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Former Man U star Stam mulls EPL return

LEICESTER V  MAN UTD 18.3.2000
PIC DAVE PINEGAR
JAAP STAM
LEICESTER V MAN UTD 18.3.2000 PIC DAVE PINEGAR JAAP STAM

Fourteen years after leaving Manchester United, legendary Dutch defender Jaap Stam is ready to return to the English Premier League (EPL) in his new avatar as a manager.

Stam won three EPL titles during his 1998-2001 stint with Manchester United as well as the Champions League and the FA Cup before then manager Alex Ferguson sent shockwaves around the football world by selling him to Lazio for 15 million pounds.

The 43-year-old is currently working as a the reserve team coach with Dutch giants Ajax Amsterdam and was bitten by the EPL bug again during a recent visit to see compatriot Ronald Koeman go about his duties as Southampton manager.

“Coming back to England and seeing Ronald at Southampton has really opened my heart again. It was wonderful to be back in England — all my fantastic memories came flooding back to me.

“Football in England is booming. The Premier League is the best league in the world and the facilities for coaches and managers are fantastic,” Stam was quoted as saying by the local media on Sunday.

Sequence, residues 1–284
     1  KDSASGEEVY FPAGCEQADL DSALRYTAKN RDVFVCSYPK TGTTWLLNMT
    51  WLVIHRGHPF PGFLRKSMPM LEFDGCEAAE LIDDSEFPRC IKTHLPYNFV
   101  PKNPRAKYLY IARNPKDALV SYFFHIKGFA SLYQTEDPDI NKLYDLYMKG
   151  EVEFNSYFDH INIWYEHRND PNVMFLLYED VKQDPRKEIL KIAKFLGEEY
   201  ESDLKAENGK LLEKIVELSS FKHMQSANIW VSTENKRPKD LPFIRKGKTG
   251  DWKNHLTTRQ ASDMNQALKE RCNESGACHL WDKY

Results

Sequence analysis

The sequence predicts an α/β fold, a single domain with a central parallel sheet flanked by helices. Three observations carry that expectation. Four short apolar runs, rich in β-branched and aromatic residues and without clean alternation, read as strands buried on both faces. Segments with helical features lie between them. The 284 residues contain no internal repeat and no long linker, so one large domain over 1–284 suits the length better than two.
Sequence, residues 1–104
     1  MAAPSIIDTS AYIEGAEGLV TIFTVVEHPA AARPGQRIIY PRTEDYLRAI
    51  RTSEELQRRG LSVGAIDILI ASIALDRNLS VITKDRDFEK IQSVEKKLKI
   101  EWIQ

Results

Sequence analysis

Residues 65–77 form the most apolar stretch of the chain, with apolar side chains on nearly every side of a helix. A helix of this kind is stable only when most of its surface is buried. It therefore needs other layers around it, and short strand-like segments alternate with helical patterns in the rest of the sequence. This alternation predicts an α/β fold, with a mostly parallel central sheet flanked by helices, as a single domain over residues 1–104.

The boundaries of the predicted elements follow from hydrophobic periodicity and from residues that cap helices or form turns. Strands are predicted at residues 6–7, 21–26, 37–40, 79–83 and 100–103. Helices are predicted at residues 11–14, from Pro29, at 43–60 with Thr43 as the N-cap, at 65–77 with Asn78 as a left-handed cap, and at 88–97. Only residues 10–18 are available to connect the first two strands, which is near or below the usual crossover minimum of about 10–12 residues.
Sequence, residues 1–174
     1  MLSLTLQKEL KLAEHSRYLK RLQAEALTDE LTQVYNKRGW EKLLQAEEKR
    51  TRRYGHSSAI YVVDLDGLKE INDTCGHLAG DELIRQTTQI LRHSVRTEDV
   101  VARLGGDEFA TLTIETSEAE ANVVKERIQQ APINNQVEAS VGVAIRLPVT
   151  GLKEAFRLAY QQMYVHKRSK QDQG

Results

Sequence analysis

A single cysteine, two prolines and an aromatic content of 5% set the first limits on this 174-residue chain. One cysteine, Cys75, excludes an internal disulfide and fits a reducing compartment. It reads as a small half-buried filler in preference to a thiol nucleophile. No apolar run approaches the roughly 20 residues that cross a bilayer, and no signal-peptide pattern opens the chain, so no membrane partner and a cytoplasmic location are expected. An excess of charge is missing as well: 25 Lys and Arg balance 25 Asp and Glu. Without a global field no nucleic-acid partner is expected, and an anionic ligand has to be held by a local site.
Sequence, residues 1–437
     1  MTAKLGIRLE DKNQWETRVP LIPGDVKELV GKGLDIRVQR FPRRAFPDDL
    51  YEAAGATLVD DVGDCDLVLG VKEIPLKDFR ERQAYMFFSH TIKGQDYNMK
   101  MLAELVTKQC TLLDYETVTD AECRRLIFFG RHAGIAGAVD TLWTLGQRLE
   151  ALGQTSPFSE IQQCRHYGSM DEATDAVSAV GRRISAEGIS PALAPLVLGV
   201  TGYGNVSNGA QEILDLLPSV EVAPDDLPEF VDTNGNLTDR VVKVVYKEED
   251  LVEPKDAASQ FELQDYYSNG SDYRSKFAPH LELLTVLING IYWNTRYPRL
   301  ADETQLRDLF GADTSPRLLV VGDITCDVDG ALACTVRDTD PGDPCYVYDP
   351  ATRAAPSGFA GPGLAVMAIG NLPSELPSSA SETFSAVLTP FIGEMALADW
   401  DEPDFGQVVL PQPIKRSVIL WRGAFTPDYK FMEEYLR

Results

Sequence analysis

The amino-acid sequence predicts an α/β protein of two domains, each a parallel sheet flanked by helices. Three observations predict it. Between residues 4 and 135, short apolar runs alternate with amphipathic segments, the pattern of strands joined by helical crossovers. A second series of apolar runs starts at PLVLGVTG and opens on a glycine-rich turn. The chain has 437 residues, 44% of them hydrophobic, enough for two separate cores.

“As soon as I get the opportunity to work in England, I will go for it.”

Stam, who admitted to being impressed with the improvement in the training facilities in England, knows that he still has to prove himself as a coach at the highest level.

“I remember playing at The Dell when we ­travelled to Southampton. Now they have a brand new stadium. I also saw their training complex, and it is out of this world,” the former central defender said.

“There has been some interest already, but that’s all I can say. Of course, I still have to prove myself at the top level,” he added. “Not every great player becomes a great coach.”

He admitted that seeing managers like Sir Alex Ferguson lose their temper did initially put him off going into coaching.

“I never thought I would become a football manager. There were times in my playing career when I thought managers were going berserk over nothing and I could not see myself ever getting so worked up,” Stam said.

“I remember standing there and looking at them, thinking to myself ‘man, behave. What are you getting worked up about?’ It made me think that I never wanted to have a job like that. But after retiring, coaching did appeal to me,” he added.

“And now I am ready to get a job with a club on my own.”

IANS)